This site represents a transition to an onward developing life. I am primarily a singer.
That is what I have always been and that is what I always will be. I am a modest coloratura soprano of a certain age.
(At its most heroic think Zerbinetta, ranging through Pamina, Susanna, Marie Daughter of the Regiment, Fledermaus Adele w
lots of Bach and early music for balance). It has taken me a good year to be certain of my vocal direction. Voices change.
In my 30-50s I sang the big Wagner repertoire. Then I had sinus surgery which unblocked everything - suddenly an easy top
up to the high F# above high C presented itself. For the record, I have a serious genetic quirk that with the right provocation
rears its head - and I have a difibrillator in my chest to prevent any problems. In retrospect, the heavy repertoire was wrong
physicially, since I am still dancing in advanced ballet classes and more than holding my own. However everything physicially
has to be based on a light flexible approach. Please check the later sections of my website to understand why I have had a
varied and checkered vocal background. I have concertized as Sue Hassel, Soprano and Piano, however with the exciting new
changes, I have a partner in crime so I don't have to split my focus when I sing. Part of the charm of singing in recital
is facing your audience squarely in front of the piano. I am also a solo pianist performing in recital when
I have found something so fantastic to play, that the excitement of the exploration leads me to present the latest new sonata,
variation, or larger work in recital for a full evening at the keyboard.
In the the
last five years I have performed an all Russian piano program, as well as a mixed recital including the Brahms C major
sonata, plus another Liszt concert transcription. I finished the season with an all Chopin recital with a solid performance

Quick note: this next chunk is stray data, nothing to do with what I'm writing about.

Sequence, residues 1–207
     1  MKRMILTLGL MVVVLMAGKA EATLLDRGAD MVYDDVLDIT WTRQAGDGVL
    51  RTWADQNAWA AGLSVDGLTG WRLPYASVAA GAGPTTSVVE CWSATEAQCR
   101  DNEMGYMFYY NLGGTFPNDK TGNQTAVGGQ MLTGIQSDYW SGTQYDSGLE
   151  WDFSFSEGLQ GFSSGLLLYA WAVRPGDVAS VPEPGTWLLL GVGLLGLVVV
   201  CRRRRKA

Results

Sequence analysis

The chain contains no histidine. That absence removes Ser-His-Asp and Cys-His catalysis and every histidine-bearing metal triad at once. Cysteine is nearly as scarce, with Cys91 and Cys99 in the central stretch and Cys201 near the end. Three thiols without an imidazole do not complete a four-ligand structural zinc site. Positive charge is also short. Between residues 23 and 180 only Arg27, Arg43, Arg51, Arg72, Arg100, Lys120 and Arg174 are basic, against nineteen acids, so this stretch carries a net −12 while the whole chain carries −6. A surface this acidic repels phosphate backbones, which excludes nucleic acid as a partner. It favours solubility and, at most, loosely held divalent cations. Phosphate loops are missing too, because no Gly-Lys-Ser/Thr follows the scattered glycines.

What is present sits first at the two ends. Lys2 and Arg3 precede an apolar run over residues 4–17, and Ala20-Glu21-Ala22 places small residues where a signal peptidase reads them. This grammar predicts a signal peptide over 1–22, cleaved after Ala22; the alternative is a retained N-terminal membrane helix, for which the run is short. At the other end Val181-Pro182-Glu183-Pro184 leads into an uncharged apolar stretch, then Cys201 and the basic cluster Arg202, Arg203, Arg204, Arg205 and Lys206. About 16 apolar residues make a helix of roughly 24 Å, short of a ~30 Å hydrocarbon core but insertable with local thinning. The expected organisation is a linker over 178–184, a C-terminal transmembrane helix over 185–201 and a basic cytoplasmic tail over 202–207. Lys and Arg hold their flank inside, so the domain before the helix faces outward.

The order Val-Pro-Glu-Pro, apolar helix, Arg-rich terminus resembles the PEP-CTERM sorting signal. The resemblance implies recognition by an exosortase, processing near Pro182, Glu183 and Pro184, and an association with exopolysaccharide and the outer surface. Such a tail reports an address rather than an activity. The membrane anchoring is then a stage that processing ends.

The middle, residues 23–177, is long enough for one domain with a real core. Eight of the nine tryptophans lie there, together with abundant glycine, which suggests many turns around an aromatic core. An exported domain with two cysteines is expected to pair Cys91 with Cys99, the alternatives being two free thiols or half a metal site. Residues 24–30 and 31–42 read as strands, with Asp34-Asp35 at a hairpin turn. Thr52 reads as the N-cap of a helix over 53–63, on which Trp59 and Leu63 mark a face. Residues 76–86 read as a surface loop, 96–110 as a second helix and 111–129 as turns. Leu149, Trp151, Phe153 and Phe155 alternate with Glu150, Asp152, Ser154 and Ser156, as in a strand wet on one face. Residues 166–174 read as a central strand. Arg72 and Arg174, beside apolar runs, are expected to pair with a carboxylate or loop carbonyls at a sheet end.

and a very kind audience. One member heard about the recital 45 minutes before it started! He was an
artist and a writer, who felt moved by my playing to pen a 26 page essay as I played. I think the nicest thing said
of any of my playing has been, "It's simply beautiful". As a pianist I am a crack reader, and a
bit of a hot dog. Frequently I am asked to jump in and assist at the last minute in front of large audiences. As
a pianist I am restless. There is so much repertoire to explore. This year I will devote to Liszt and Busoni. I
have played the Liszt Transcendental Etudes publicly years ago, but after hearing Beresovsky play them at Carnegie, I
intend to rework them again and then play them in recital again. This will be great fun for me.
I attach four soundbites to give you a sense of what I sound like (all current). Susanna's aria from Le Nozze de Figaro,
Delphine, Schubert, a bleeding chunk from Zerbinetta's big aria (a clear work in progress), and Norina's aria from Don Pasquale
- all are respectible practice room recordings on a quiet day on a German Grand in a small space. (It is very touchy
getting a usable internet soundbite in a small dead space - since most speakers on the usual PC amplify the lower frequencies
and compress the top frequencies which any normal soprano will over-ride in a big way, however I have a great tape recorder
and I set the receiving input so it should not break up. If you are still not sure of what you are hearing, use earphones
and you will hear what is really is going on.) - recorded on a Sunday morning singing and playing simultaneously .... I have
allergies so it takes some time to get going, but it's current.
I was lucky to be featured in the
New York Times both online and weekend edition in April 2015. Below the soundbites you can click on the link.
59th Street Bridge Singer - New York Times - April 2015
My publisher is Outskirts Press. Thank you, sjh
Also check out the section of this site entitled Photos & Other Happenings for an extended article on the inception
of SUE HASSEL, SOPRANO & PIANO as my most unique category of performance!!!
In my free time, I paint and sketch. The sunset watercolor is of a site in NYC, the chicken with
little ones a painting (sumi ink and water color wash) hanging in a nursing home in Wisconsin, the access side to the Ed Koch
59th Street Bridge from Queens (one of a series of large bridge paintings), the small hen - a card illustration.